Fig. 3.

LncRNA MALAT1 functions as a miR-200a sponge in lung cancer. (A) Schematic miR-200a putative target sites in MALAT1. (B) The mRNA levels of miR-200a in A549 cells transfected with MALAT1 shRNA were determined by qPCR. (C) The mRNA levels of miR-200a in A549 cells transfected with MALAT1 expression plasmid were determined by qPCR. (D) Luciferase reporter assay of pSi-check2 plasmid contains MALAT1 and transfected with miR-200a or NC. ** P < .01; *** P < .001.

(0.13MB).
LncRNA MALAT1 Sponging miR-200a to Promote Lung Cancer Proliferation and Gefitinib Resistance

To this end, we observed the promotion of MALAT1 on tumor cell proliferation, and the interaction between MALAT1 and miR-200a. To determine whether the tumor promotion of MALAT1 is related to miR-200a, we transfected the A549 cells with miR-200a. The results showed that the relative cell viability of cells transfected with miR-200a was obviously decreased than the one of control cells (Fig. 4A, P<.001). Further, from Fig. 4B, cells with the overexpression of MALAT1 showed higher cell numbers than normal cells (P<.01), while co-transfection of miR-200a decreased the cell numbers (P<.05). Moreover, the MALAT1 overexpression demolished the damage of gefitinib on the A549 cells (Fig. 4C, P<.001), which was consistent with the promoted gefitinib resistance of A549 cells. Interestingly, cells with co-transfection of miR-200a showed decreased cell number, indicating the impaired protective function of MALAT1on gefitinib.

Fig. 4.

LncRNA MALAT1 sponging miR-200a to promote lung cancer proliferation and gefitinib resistance. (A) The proliferation of A549 cells transfected with miR-200a mimics or negative control (NC) was determined by MTT assay. (B) The proliferation of A549 cells transfected with miR-200a mimics and/or MALAT1 expression plasmid was determined by cell counts assay. (C) The proliferation of A549 cells transfected with miR-200a mimics and/or MALAT1 expression plasmid treated with or without 0.05μM gefitinib was determined by cell counts assay. * P < .05; ** P < .01; *** P < .001.

(0.12MB).
LncRNA MALAT1 Promotes ZEB1 Expression

ZEB1 has been known as the down steam target of miR-200a,16 herein we confirmed that miR-200a downregulated the relative expression of ZEB1 in A549 cells at mRNA level (Fig. 5A, P<.01), and protein level (Fig. 5B). RT-PCR results also showed that the overexpression of MALAT1 in A549 cells upregulated the relative ZEB1 expression at both mRNA level (Fig. 5C, P<.001), and protein level (Fig. 5D). Furthermore, a miR-200a inhibitor was used in the assay to inhibit the expression of miR-200a (Fig. 5E). When we applied the same miR-200a inhibitor to A549 cells, we found the expression of ZEB1 was significantly upregulated (P<.001). In contrast, the application of miR-200a inhibitor did not present significant effects on the ZEB1 expression in the A549 cells with MALAT1 overexpression (Fig. 5F).

Fig. 5.

LncRNA MALAT1 promotes ZEB1 expression. (A) The expression of ZEB1 in A549 cells transfected with miR-200a was determined by qPCR. (B) The expression of ZEB1 in A549 cells transfected with miR-200a was determined by western blot. (C) The expression of ZEB1 in A549 cells transfected with MALAT1 expression plasmid was determined by qPCR. (D) The expression of ZEB1 in A549 cells transfected with MALAT1 expression plasmid was determined by western blot. (E) The expression of miR-200a in A549 cells transfected with miR-200a Inhibitor was determined by qPCR. (F) The expression of ZEB1 in A549 cells transfected with MALAT1 expression plasmid and/or miR-200a Inhibitor was determined by qPCR. ns, not significant. ** P < .01; *** P < .001.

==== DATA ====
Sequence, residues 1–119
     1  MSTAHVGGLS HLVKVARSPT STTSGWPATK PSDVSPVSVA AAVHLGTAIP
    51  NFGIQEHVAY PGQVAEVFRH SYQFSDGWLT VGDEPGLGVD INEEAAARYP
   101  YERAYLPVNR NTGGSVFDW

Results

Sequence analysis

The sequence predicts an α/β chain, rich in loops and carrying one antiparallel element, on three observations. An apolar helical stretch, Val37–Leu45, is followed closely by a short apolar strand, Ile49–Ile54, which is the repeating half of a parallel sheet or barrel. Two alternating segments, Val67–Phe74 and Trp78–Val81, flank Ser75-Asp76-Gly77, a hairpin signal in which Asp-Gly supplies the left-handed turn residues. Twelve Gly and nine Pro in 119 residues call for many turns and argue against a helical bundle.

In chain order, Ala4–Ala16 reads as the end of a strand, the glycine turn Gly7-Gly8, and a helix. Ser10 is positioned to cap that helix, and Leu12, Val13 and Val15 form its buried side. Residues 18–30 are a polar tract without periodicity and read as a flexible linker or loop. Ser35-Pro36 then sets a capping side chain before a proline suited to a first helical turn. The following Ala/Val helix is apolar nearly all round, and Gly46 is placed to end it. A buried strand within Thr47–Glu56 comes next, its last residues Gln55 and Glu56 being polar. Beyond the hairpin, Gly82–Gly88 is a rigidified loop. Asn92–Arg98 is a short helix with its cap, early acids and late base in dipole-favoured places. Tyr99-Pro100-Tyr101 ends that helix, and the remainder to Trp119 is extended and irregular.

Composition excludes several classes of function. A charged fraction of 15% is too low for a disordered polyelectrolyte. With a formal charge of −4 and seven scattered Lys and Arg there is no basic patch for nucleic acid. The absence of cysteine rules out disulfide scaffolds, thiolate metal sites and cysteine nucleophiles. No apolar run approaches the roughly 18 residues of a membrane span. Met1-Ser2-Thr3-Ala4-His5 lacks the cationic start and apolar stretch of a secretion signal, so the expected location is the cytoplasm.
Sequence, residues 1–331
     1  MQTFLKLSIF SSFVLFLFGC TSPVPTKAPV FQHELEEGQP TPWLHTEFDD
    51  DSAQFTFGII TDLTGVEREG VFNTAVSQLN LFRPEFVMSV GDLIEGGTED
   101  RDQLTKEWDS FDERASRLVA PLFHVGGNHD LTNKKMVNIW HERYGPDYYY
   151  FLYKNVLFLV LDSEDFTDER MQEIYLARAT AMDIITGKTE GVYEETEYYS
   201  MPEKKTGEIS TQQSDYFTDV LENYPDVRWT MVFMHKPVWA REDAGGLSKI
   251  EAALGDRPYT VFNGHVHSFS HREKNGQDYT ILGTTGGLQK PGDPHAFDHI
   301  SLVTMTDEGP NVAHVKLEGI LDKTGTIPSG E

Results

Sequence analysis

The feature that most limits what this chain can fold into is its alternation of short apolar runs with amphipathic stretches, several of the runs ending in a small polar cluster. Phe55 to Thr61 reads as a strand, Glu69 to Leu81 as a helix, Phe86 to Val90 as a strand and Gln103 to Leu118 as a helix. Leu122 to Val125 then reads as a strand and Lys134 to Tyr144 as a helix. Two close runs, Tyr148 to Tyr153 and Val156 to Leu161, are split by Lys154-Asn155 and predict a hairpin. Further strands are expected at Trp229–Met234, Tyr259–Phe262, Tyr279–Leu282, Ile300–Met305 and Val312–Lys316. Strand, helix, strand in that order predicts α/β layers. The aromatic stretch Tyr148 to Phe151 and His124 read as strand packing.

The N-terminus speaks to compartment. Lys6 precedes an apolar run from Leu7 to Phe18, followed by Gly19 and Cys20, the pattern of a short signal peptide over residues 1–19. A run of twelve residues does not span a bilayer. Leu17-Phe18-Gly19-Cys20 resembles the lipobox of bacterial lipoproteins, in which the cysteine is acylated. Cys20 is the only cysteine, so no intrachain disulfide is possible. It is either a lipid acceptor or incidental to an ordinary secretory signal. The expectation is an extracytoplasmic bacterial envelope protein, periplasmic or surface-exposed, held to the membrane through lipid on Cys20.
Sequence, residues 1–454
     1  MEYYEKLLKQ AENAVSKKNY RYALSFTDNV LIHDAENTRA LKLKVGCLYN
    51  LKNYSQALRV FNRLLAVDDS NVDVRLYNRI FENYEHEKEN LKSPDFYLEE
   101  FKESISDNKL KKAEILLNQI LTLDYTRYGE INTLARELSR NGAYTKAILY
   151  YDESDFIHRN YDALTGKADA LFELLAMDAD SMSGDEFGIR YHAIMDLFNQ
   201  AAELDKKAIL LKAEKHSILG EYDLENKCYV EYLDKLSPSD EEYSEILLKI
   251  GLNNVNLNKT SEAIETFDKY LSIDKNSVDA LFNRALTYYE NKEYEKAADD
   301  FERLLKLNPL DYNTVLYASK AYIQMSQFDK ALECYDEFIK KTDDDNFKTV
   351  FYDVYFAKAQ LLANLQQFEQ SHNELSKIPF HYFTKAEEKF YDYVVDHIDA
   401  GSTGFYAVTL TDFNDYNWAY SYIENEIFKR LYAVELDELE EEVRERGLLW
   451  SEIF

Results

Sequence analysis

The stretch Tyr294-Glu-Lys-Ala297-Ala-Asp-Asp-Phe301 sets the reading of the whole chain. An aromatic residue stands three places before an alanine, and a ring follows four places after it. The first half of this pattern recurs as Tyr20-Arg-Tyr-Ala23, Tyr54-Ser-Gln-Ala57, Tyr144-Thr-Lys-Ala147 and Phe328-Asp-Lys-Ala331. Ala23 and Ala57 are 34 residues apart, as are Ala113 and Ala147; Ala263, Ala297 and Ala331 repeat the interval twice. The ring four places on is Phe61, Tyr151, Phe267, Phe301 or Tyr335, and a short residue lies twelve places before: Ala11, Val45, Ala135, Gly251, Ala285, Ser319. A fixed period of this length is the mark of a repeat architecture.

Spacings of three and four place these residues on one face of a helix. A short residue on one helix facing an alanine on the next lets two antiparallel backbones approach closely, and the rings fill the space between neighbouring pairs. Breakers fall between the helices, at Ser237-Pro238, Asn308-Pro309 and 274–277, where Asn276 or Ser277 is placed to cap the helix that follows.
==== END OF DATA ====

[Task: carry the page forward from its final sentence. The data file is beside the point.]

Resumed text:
(0.18MB).
Discussion

The eukaryotic genome holds on to a large quantity of noncoding RNAs, which compose small and long noncoding RNAs (lncRNAs), the latter of which have recently been discovered as important molecules in a great variety of cellular processes.17 Various lncRNAs display abnormal expression in human cancer specimens and are involved in a number of oncogenic or tumor suppressor pathways.18 MALAT1 is one of the first identified cancer-associated lncRNAs, which was originally reported as a prognostic marker for metastasis and survival of NSCLC patients.19 In the current study, our group aimed to explore the possible mechanisms and potential therapeutic roles of lncRNA MALAT1 in lung cancer. The results demonstrated that knockdown of MALAT1 by shMALAT1significantly inhibited the cell viabilities and cell proliferation in tumor cells A549 and HCC1299, indicating the promoting role of lncRNA MALAT1 in lung cancer cell proliferation. In addition, we observed that lncRNA MALAT1 promoted gefitinib resistance in A549 cells. Further mechanism investigation revealed that MALAT1 functioned as a miR-200a sponge, which enhanced ZEB1 expression in A549 cells, ultimately promoting the cell proliferation and gefitinib resistance.

MicroRNAs are a class of small single-stranded RNAs, which are approximately 20–24 nucleotides long.20 Recent studies have demonstrated that LncRNA MALAT1 functioned as miRNA sponges. For instance, LncRNA MALAT1 was revealed to promote colorectal cancer cell proliferation, invasion and migration by downregulating miR-145,21 and to enhance the docetaxel chemoresistance of prostate cancer cells targeting miR-145-mediated AKAP12.22 In addition, MALAT1 silencing suppressed the progression of prostate cancer by miR-1 upregulation.23 MALAT1 facilitates cell proliferation and activates autophagy by sponging miR-101 in glioma.24 MALAT1/miR-124/Capn4 axis modulates proliferation and invasion of nasopharyngeal carcinoma cells.25 Researchers have revealed that MALAT1 regulated miR-145 in gastric cancer by acting as a competing endogenous RNA.26 As for miR-200, miR-200c/MALAT1 axis could serve as therapeutic target in endometrioid endometrial carcinoma.27 In line with this, we found that MALAT1 binds miR-200a using bioinformatics analysis, and the interaction was validated by luciferase reporter assay. In addition, knockdown of MALAT1 via shMALAT1 largely promoted relative miR-200a expression, while overexpression of MALAT1strikingly suppressed the miR-200a expression.